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by Eugenio Mongelli and Dr. Alessandro Marroni
Header image: Temc De-Ox Carbon Monoxide analyses showing 30 ppm of CO. Not good! Photo courtesy of Temc.
We recently held a webinar that focused on analyzing your diving gas in order to detect potential carbon monoxide (CO) contamination of breathing gas. The webinar (see below), held on March 18, was supported by various diving agencies and organizations around the world.
It’s obvious that diving activities come with risks, and one liability is the quality of your breathing gas. In the current diving era, synthetic mixes, such as nitrox and trimix—to name just two—are widely available and frequently used. Unfortunately, the presence of poisonous or life-threatening compounds in your diving gas is not as rare as you might think.
Carbon monoxide (CO), an odorless, and tasteless gas that can build up in dive gas for a variety of reasons, as follows:
- Inefficient combustion of hydrocarbons (which, in turn, produces CO instead of CO2).
- Oil pyrolysis in electrically powered air compressors, which is as a result of the compressor heating the breathing gas to more than 200°C/392°F during its last stage. This can occur if the compressor is not well maintained and or needs service.
- Exhaust from an endothermic engine, found in compressors using fuel or diesel engines.
- Cracking of oil residue in diving cylinders if the gas is not purged and the cylinder is not cleaned after a dive.
- Smoke from cigarettes.
Limits for CO in breathing gas must follow strict standards which have been issued by a variety of organizations and regulatory bodies including the European EN12021 CE standard, the US Navy Diving Manual (rev.7 2016 Point 4-3.1), and the U.S. Compressed Gas Association (CGA) (ANSI/CGA G-7.197). The consensus is that the limit of CO in breathable gas should be 5-10 ppm, or 0.0005%-0.001% concentration, which is an extremely low limit.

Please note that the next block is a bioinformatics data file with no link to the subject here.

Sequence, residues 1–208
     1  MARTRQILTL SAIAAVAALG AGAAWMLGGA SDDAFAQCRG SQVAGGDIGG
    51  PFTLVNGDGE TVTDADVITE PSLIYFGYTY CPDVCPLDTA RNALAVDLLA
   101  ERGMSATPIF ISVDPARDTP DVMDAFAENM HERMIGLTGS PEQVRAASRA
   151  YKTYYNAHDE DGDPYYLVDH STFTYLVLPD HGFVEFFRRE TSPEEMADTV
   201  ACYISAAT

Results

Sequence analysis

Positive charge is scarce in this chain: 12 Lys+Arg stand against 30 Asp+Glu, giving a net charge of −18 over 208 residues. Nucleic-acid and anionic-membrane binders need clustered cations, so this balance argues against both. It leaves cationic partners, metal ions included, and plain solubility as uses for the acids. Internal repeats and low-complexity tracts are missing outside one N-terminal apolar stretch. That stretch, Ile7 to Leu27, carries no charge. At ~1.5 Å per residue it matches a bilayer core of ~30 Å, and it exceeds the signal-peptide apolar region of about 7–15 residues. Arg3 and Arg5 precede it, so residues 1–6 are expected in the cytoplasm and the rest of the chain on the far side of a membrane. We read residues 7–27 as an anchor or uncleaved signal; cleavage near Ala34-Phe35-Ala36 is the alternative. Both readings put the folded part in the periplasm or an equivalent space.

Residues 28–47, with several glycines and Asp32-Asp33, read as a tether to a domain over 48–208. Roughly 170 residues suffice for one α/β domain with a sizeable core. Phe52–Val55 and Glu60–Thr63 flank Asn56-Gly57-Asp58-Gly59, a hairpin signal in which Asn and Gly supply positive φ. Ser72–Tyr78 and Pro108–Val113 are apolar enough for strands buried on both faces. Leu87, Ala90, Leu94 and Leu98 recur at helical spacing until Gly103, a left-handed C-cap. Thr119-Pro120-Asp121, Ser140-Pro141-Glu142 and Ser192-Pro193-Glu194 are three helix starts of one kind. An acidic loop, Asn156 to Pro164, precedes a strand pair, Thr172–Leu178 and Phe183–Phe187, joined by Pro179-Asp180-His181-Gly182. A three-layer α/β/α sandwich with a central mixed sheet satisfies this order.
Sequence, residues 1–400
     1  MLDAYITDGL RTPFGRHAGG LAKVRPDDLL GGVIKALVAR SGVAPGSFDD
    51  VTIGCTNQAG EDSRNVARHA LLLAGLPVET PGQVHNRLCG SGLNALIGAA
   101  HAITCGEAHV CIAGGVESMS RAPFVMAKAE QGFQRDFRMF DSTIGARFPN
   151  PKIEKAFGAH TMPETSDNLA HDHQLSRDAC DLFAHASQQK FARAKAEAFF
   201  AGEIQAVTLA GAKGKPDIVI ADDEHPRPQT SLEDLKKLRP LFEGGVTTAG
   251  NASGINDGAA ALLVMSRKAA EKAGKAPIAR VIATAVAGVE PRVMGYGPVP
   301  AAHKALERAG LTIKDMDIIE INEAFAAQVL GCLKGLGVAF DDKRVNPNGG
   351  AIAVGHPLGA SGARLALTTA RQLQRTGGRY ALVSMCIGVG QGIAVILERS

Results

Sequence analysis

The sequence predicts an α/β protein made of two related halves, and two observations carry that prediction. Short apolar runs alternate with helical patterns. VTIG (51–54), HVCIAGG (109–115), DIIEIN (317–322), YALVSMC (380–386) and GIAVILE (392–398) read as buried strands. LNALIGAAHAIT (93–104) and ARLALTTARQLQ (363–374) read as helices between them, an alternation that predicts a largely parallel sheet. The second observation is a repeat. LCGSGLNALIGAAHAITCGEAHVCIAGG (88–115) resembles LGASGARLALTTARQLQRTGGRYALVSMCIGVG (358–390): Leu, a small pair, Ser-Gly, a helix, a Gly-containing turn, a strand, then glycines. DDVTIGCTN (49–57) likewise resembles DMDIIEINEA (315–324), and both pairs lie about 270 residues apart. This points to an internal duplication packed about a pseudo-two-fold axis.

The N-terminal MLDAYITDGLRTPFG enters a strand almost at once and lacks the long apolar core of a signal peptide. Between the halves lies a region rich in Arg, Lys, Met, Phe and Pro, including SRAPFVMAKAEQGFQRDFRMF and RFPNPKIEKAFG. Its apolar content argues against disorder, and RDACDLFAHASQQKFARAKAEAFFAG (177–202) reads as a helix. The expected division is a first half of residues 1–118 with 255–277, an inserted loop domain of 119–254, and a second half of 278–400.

Some Medical Facts
Carbon Monoxide Poisoning (COP) is a common medical problem worldwide. When at increased environmental pressure, CO’s ability to dissolve in blood and tissues is enhanced by its increased partial pressure.
COP can remain either completely undetectable or can present with a variety of symptoms: weakness, nausea, vertigo, headache, blurred vision, loss of consciousness, and coma. This list of symptoms is presented in order of frequency as well as the likelihood of exposure to a toxic CO concentration.
CO is 300 times more attracted to hemoglobin than it is to oxygen; so, when hemoglobin accepts oxygen atoms from CO, O2 is repelled, causing hemoglobin cells to suffer from lack of oxygen (cellular hypoxia). This process can affect every organ with long-term acute and chronic effects, including psychological disturbances. The cure is restoring hemoglobin’s affinity for oxygen with prompt and generous doses, displacing the unwanted CO molecules from blood, cells, and organs.
Even if CO is expelled when exposure is over and normal air breathing resumes, the displacement process is slow, and hypoxic damage is still likely. Treatment with 100% O2 at 1 ATA will greatly accelerate the CO displacement process. Significantly quicker washout is obtained using Hyperbaric Oxygen administration (HBO), a treatment that exposes patients to high concentrations of oxygen at higher than 1 ATA. The following half-life figures make it clear just how effective HBO treatment is in expelling CO:
- CO half-life: 300 minutes
- CO half-life in air at 1 ATM: 90 minutes
- CO half-life in 100% O2 at 1 ATA: 35 minutes
- CO half-life in 100% O2 at 2.5 ATA: 22 minutes.
We generally learn (or we should have been taught) about COP during our first open water course, and divers should take note of it.
Over the last 15 years, CO analyzers designed for diving applications have not been available. The existing analyzers on the market were costly, not portable, required extensive calibration and setting adjustments, and did not have the proper sensitivity. The only way to measure CO was to use chemical tubes, which required extensive operator expertise and expensive devices. Without the appropriate technology, CO accidents happened.
As a result, my company TEMC DE-OX began developing its own CO analyzer with the specific goals of simplicity (of use and maintenance), mobility, battery power, and affordable price. In 2008, we released the DE-OX SAFE analyzer, which not only met, but exceeded, our product goals.
I dive around the world, and I always bring my own unit with me. I check the air quality at diving centers, and always ask the owner’s permission to perform the test. What I’ve found is that it’s not uncommon to find the presence of CO, but even if the concentration is within a safe limit, it’s enough to alert staff that something may have gone wrong during the filling process.